West Indies facing all-round problems
West Indies' decision to stick to a single plan in the one-day series against Bangladesh has made them overlook two important facets of the limited-overs game. They haven't paid heed to current form and the importance of risk-free middle-order batting while at the same time have indulged on an overdose of similar skilled allrounders.
West Indies lost both ODIs in Khulna, the second by a record margin against Bangladesh of 160 runs. The two defeats inflicted on the visitors have completely changed the atmosphere of the tour following the Test victories and as West Indies moved to Dhaka on Monday morning issues were piling up at their feet.
Lendl Simmons' form is the first of those problems. He has partnered Chris Gayle at the top of the order in the first two games and has had scores of 13 and 9. His last ODI fifty came a year ago but more importantly he has been through a poor time in this format. Since the fifty in India he has averaged below 10 in nine games with a highest of 36. Kieran Powell may take his place and could have justified a place in the side at the start of the series after his two centuries in the Dhaka Test. Though he has since had four low scores he would freshen up the top order.
"Throughout the Test series we had a lot of performances coming from the younger players," Darren Sammy said. "The Bravos, Powells, Ramdin, young Permaul and all the guys have done well. Cricket is a team game and you have to perform together. Obviously you have days when some individual had a brilliant moment and gets the Man-of-the-Match, but at the end of the day it takes a total team effort to win games."
Sammy, though, credited Bangladesh's plans, particularly their bowlers' confidence when responding to boundaries. "I think everybody would want to go out there and perform and I believe every single batsman goes out there to perform for West Indies. Credit to the way the Bangladesh team has bowled.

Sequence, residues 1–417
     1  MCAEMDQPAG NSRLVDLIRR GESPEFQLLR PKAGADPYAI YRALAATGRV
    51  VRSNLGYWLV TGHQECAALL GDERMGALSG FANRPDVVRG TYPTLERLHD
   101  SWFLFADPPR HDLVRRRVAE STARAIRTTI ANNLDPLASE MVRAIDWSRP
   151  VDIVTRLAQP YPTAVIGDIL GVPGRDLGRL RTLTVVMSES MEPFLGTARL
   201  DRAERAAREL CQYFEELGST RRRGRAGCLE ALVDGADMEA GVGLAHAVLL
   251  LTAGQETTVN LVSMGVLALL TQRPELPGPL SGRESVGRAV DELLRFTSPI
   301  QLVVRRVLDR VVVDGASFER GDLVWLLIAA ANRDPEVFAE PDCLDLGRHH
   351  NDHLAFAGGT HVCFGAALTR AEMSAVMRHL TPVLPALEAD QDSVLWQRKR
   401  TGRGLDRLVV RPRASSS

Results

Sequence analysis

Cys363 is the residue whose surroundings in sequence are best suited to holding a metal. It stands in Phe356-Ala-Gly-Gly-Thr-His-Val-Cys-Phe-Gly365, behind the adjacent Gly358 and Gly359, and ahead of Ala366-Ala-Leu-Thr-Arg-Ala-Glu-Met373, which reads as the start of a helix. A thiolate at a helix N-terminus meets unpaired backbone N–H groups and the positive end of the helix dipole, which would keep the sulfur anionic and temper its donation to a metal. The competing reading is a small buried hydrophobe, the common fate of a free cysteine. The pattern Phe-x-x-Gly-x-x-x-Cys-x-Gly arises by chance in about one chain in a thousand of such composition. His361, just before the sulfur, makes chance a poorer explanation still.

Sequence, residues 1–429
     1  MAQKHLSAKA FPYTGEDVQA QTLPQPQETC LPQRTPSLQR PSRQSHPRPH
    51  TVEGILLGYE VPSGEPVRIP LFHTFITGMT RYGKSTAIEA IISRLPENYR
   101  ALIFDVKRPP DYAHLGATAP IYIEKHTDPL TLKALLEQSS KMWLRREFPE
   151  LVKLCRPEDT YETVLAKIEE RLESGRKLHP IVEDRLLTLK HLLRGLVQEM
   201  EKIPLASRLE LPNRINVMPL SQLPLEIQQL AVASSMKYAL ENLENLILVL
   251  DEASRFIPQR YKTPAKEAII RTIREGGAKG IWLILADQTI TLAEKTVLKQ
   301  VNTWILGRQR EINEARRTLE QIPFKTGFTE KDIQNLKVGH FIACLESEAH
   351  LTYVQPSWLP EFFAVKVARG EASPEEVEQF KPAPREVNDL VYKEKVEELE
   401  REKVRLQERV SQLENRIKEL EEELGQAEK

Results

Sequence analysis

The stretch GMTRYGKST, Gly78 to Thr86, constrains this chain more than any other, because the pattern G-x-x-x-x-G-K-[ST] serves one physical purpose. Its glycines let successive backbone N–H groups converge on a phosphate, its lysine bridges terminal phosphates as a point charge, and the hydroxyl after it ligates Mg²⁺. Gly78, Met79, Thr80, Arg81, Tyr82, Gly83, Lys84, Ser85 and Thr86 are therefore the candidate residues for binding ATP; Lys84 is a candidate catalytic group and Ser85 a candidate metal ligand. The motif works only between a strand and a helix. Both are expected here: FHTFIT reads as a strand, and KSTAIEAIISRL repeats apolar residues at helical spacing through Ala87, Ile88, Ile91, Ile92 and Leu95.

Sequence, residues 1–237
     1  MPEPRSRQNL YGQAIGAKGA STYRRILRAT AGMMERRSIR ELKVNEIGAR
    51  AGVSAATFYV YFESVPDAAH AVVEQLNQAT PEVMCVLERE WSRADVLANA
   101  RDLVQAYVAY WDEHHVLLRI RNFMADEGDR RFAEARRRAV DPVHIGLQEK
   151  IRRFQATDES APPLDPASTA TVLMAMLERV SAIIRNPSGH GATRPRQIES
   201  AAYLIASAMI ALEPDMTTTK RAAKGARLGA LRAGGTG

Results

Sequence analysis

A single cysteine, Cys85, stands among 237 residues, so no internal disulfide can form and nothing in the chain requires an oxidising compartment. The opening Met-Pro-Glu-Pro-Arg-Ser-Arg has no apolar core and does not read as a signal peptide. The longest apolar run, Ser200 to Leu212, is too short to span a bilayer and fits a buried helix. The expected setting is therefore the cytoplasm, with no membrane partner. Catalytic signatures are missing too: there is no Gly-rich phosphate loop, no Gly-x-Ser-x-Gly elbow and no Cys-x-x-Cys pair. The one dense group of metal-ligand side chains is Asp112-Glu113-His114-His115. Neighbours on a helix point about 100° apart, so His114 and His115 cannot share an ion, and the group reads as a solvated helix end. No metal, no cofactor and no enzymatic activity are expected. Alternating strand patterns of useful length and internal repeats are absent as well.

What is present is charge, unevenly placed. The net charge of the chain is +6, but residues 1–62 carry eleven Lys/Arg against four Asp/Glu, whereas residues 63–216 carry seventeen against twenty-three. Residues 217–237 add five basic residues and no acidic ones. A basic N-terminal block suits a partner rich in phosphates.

"They have a plan for every batsman. Gazi, Razzak and Mashrafe stuck to the plan. Even though we hit a couple of boundaries you see them executing properly. That's where we are lacking. We are not executing our plans well. So far Bangladesh have seized the moment."
The lack of runs from Gayle, Darren Bravo and Marlon Samuels has also hurt West Indies' chances. Gayle hasn't made up his mind on whether to start slowly or blaze away while Sohag Gazi has had the better of the in-form Samuels in both games. Bravo hasn't done justice to the range of shots he possesses and his ability to play spin bowling in this series by giving away two starts. The early dismissals of Samuels and Bravo against spin have also impacted the rest of the batsmen who have still some way to go when dealing with spinners.
"We have not rotated the strike against spin as much as we could over the last few years. But we get better at it when we spend time at the crease," Sammy said. "So far none of our batsmen have done so. In order to score runs you must be present at the crease."
There are also issues around the balance of the side with a preference for allrounders, such as Andre Russell and Dwayne Smith, ahead of specialist quick Kemar Roach. Russell, Smith and Darren Sammy took one wicket between them in the second match while none of them have made the sort of contributions expected from them with the bat, especially under the new fielding restrictions.
The continued struggle of Sunil Narine has been the other setback while in the opposition Razzak and Gazi thrived in Khulna where the wicket offered turn. It would not be a huge surprise if Veerasammy Permaul, the left-arm spinner, replaced Narine for the remaining ODIs.
Sammy has a tough task ahead of him, both in selecting the right personnel and in making sure the attitude is right. West Indies are running out of time and defeat in this series would be a blow to their growing reputation as a returning force in world cricket.
Mohammad Isam is ESPNcricinfo's Bangladesh correspondent